Role: Conceptualization, Role: Data curation, Role: Formal analysis, Role: Funding acquisition, Role: Methodology, Role: Project administration, Role: Resources, Role: Supervision, Role: Writing – review & editing
            Role: Conceptualization, Role: Data curation, Role: Formal analysis, Role: Funding acquisition, Role: Methodology, Role: Resources, Role: Software, Role: Supervision, Role: Writing – original draft, Role: Writing – review & editing
            Role: Editor
            Journal
            PLoS One
            PLoS ONE
            plos
            plosone
            PLoS ONE
            Public Library of Science (San Francisco, CA USA )
            1932-6203
            15 August 2019
            2019
            : 14
            : 8
            31415624 6695097 10.1371/journal.pone.0220928 PONE-D-19-07245
            © 2019 Xie et al

            This is an open access article distributed under the terms of the Creative Commons Attribution License, which permits unrestricted use, distribution, and reproduction in any medium, provided the original author and source are credited.

            Counts
            Figures: 4, Tables: 2, Pages: 17
            Product
            Funding
            Funded by: funder-id http://dx.doi.org/10.13039/100000026, National Institute on Drug Abuse;
            Award ID: DA032457
            Award Recipient :
            Funded by: funder-id http://dx.doi.org/10.13039/100000055, National Institute on Deafness and Other Communication Disorders;
            Award ID: R01DC013315
            Award Recipient :
            This work was supported by grant DA032457 to CGB from the National Institute on Drug Abuse ( https://www.drugabuse.gov/) and grant R01DC013315 to BC from National Institute on Deafness and Other Communication Disorders ( https://www.nidcd.nih.gov/). The funders had no role in study design, data collection and analysis, decision to publish, or preparation of the manuscript.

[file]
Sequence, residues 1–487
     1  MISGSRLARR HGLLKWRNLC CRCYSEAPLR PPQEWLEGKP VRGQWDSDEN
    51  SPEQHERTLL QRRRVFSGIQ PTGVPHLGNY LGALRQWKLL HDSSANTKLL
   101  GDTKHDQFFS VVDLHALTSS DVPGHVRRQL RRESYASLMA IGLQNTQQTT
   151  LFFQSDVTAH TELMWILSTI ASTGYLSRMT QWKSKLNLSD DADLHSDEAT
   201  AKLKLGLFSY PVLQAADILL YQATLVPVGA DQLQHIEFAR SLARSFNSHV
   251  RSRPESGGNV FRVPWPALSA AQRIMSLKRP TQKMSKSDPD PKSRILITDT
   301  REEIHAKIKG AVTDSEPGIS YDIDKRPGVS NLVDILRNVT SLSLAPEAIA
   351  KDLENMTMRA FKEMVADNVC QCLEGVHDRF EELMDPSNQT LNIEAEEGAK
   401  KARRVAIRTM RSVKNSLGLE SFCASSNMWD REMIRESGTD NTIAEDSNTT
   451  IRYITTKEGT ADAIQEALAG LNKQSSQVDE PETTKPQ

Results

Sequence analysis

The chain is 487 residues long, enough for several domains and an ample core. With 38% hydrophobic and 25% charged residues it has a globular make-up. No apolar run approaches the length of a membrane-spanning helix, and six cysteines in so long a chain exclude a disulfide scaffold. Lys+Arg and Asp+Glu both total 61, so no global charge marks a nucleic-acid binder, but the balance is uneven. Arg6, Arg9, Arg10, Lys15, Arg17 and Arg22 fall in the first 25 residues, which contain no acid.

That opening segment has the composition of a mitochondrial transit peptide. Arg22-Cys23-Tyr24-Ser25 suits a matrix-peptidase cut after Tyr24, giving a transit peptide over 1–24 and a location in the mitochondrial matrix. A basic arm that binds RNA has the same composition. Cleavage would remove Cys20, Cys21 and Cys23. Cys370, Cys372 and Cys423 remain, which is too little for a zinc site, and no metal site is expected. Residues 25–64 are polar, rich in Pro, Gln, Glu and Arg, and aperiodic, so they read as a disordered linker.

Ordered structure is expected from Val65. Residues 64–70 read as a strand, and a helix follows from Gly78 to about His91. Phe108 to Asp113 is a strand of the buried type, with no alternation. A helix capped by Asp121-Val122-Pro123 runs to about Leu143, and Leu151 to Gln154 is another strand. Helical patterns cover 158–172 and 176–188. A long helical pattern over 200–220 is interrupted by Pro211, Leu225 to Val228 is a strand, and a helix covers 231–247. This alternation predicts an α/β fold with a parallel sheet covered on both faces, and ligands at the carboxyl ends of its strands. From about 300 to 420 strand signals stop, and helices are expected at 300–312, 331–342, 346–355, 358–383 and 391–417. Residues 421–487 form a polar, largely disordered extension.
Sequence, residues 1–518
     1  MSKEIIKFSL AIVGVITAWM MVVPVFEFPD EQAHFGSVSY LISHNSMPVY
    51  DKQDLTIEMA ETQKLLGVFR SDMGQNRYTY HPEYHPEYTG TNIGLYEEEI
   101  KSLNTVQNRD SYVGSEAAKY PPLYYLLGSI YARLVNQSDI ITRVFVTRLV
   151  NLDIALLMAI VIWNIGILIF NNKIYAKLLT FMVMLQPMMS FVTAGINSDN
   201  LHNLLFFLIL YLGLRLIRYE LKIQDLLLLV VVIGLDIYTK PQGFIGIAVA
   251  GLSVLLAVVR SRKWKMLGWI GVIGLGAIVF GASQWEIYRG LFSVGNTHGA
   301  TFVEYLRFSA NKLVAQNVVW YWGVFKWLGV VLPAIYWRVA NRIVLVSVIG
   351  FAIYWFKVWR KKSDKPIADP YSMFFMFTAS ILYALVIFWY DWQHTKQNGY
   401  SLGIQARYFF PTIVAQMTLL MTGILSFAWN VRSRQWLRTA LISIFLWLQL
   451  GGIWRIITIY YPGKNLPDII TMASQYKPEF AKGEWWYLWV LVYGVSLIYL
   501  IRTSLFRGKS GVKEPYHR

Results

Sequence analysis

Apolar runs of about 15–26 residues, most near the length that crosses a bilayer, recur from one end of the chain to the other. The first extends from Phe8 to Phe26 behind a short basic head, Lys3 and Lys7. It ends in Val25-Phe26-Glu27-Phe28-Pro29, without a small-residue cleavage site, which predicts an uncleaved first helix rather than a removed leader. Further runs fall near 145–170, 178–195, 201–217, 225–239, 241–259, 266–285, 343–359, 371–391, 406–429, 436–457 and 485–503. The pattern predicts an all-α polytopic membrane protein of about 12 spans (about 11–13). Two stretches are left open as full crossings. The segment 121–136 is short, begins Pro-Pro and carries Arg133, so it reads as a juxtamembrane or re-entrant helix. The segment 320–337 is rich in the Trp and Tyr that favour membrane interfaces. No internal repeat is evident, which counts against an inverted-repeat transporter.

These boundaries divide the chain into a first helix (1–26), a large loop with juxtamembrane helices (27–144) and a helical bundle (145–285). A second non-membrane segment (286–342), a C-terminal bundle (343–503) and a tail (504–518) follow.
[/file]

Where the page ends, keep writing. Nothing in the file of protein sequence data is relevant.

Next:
Categories
            Research Article
            Social Sciences
            Linguistics
            Speech
            Medicine and Health Sciences
            Mental Health and Psychiatry
            Mood Disorders
            Depression
            Social Sciences
            Linguistics
            Linguistic Morphology
            Social Sciences
            Linguistics
            Grammar
            Social Sciences
            Sociology
            Communications
            Social Communication
            Social Sciences
            Linguistics
            Neurolinguistics
            Biology and Life Sciences
            Neuroscience
            Neurolinguistics
            Engineering and Technology
            Signal Processing
            Speech Signal Processing
            Social Sciences
            Linguistics
            Cognitive Linguistics
            Word Recognition
            Custom metadata
            All relevant data are within the manuscript.

            Uncategorized